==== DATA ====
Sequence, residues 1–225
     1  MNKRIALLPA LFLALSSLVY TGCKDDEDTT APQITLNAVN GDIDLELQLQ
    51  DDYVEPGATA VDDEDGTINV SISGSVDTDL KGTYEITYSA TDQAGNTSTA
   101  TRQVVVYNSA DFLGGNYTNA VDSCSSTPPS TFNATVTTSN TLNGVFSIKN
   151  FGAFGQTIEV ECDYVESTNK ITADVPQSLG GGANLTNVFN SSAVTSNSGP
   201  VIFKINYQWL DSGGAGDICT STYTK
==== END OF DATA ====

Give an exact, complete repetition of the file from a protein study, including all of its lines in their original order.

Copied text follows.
Sequence, residues 1–225
     1  MNKRIALLPA LFLALSSLVY TGCKDDEDTT APQITLNAVN GDIDLELQLQ
    51  DDYVEPGATA VDDEDGTINV SISGSVDTDL KGTYEITYSA TDQAGNTSTA
   101  TRQVVVYNSA DFLGGNYTNA VDSCSSTPPS TFNATVTTSN TLNGVFSIKN
   151  FGAFGQTIEV ECDYVESTNK ITADVPQSLG GGANLTNVFN SSAVTSNSGP
   201  VIFKINYQWL DSGGAGDICT STYTK